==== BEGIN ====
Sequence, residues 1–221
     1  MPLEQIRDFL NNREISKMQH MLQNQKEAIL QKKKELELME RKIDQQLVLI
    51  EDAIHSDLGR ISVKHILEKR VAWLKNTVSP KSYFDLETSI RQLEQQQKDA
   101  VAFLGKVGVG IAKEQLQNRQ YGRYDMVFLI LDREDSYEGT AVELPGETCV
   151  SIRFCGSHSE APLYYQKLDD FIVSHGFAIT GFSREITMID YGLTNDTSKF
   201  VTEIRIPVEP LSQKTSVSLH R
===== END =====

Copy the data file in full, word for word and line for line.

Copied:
Sequence, residues 1–221
     1  MPLEQIRDFL NNREISKMQH MLQNQKEAIL QKKKELELME RKIDQQLVLI
    51  EDAIHSDLGR ISVKHILEKR VAWLKNTVSP KSYFDLETSI RQLEQQQKDA
   101  VAFLGKVGVG IAKEQLQNRQ YGRYDMVFLI LDREDSYEGT AVELPGETCV
   151  SIRFCGSHSE APLYYQKLDD FIVSHGFAIT GFSREITMID YGLTNDTSKF
   201  VTEIRIPVEP LSQKTSVSLH R